The Global Battle to Regulate AI Is Just Beginning | WIRED

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By the end of April, the European Parliament had zeroed in on a list of practices to be prohibited: social scoring, predictive policing, algorithms that indiscriminately scrape the internet for photographs, and real-time biometric recognition in public spaces. However, on Thursday, parliament members from the conservative European People’s Party were still questioning whether the biometric ban should be taken out. “It’s a strongly divisive political issue, because some political forces and groups see it as a crime-fighting force and others, like the progressives, we see that as a system of social control,” says Brando Benifei, co-rapporteur and an Italian MEP from the Socialists and Democrats political group.

Next came talks about the types of AI that should be flagged as high-risk, such as algorithms used to manage a company’s workforce or by a government to manage migration. These are not banned. “But because of their potential implications—and I underline the word potential—on our rights and interests, they are to go through some compliance requirements, to make sure those risks are properly mitigated,” says Nechita’s boss, the Romanian MEP and co-rapporteur Dragoș Tudorache, adding that most of these requirements are principally to do with transparency. Developers have to show what data they’ve used to train their AI, and they must demonstrate how they have proactively tried to eliminate bias. There would also be a new AI body set up to create a central hub for enforcement.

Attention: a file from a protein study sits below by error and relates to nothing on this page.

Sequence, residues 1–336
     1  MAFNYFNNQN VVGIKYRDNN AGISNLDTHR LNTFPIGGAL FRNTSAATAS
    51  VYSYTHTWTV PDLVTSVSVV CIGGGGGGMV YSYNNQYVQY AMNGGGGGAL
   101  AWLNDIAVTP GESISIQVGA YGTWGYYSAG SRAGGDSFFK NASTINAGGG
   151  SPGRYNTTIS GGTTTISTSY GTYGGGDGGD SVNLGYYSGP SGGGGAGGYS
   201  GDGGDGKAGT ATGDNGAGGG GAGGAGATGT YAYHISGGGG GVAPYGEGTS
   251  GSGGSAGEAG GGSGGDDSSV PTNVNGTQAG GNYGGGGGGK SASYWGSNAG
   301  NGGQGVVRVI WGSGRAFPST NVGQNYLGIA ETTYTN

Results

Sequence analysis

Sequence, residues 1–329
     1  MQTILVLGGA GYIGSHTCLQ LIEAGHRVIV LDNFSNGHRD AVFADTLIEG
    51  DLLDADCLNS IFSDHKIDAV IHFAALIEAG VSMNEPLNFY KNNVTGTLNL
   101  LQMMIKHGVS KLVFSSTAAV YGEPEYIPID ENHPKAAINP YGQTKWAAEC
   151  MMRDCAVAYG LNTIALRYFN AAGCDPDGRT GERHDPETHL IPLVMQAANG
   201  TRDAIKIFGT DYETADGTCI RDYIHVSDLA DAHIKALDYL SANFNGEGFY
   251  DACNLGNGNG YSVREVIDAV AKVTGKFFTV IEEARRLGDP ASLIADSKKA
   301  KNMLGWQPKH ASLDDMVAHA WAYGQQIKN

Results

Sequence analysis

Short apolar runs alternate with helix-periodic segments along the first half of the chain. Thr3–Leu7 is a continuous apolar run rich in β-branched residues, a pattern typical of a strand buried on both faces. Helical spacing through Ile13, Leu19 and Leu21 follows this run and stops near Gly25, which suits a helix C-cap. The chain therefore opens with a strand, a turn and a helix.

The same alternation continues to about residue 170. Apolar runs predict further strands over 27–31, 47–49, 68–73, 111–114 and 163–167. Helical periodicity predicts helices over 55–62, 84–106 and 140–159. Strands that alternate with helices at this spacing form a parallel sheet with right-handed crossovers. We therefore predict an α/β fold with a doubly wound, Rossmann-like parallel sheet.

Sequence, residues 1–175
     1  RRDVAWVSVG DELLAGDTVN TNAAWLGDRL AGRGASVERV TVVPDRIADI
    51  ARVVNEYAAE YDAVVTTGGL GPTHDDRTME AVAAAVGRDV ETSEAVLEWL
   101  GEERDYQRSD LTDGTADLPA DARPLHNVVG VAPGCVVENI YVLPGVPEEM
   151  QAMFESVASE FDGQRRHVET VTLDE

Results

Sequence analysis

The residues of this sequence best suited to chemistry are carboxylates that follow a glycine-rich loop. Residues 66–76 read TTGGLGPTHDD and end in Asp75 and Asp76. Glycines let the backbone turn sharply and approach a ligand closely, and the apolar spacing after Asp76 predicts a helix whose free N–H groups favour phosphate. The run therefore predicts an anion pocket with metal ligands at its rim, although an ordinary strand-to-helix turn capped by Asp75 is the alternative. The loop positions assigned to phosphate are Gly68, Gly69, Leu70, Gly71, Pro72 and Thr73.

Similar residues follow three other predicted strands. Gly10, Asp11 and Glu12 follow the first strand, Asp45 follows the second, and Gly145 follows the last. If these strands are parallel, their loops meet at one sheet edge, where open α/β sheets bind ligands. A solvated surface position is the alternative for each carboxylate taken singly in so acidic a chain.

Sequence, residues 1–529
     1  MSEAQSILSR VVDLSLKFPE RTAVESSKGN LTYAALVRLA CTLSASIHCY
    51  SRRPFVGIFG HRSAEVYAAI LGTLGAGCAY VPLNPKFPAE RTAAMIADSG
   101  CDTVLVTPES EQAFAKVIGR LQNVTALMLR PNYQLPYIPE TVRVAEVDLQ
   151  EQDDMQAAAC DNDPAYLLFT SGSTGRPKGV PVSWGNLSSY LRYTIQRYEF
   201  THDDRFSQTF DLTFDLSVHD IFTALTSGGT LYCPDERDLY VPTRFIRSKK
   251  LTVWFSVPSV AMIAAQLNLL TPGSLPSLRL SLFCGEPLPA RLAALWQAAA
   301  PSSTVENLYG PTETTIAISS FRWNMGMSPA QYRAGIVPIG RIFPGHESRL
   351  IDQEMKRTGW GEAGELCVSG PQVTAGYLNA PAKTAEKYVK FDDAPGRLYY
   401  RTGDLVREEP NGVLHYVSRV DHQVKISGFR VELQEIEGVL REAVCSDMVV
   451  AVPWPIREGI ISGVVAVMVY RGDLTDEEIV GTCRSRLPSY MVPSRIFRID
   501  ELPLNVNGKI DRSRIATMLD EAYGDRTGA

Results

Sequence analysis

Companies deploying generative AI tools such as ChatGPT would have to disclose if their models have been trained on copyrighted material—making lawsuits more likely. And text or image generators, such as MidJourney, would also be required to identify themselves as machines and mark their content in a way that shows it’s artificially generated. They should also ensure that their tools do not produce child abuse, terrorism, or hate speech, or any other type of content that violates EU law.

One person, who asked to remain anonymous because they did not want to attract negative attention from lobbying groups, said some of the rules for general-purpose AI systems were watered down at the start of May following lobbying by tech giants. Requirements for foundation models—which form the basis of tools like ChatGPT—to be audited by independent experts were taken out.

However the parliament did agree that foundation models should be registered in a database before being released to the market, so companies would have to inform the EU of what they have started selling. “That’s a good start,” says Nicolas Moës, director of European AI governance at the Future Society, a think tank.

The lobbying by Big Tech companies, including Alphabet and Microsoft, is something that lawmakers worldwide will need to be wary of, says Sarah Myers West, managing director of the AI Now Institute, another think tank. “I think we’re seeing an emerging playbook for how they’re trying to tilt the policy environment in their favor,” she says.

What the European Parliament has ended up with is an agreement that tries to please everyone. “It’s a true compromise,” says a parliament official, who asked not to be named because they are not authorized to speak publicly. “Everybody’s equally unhappy.”



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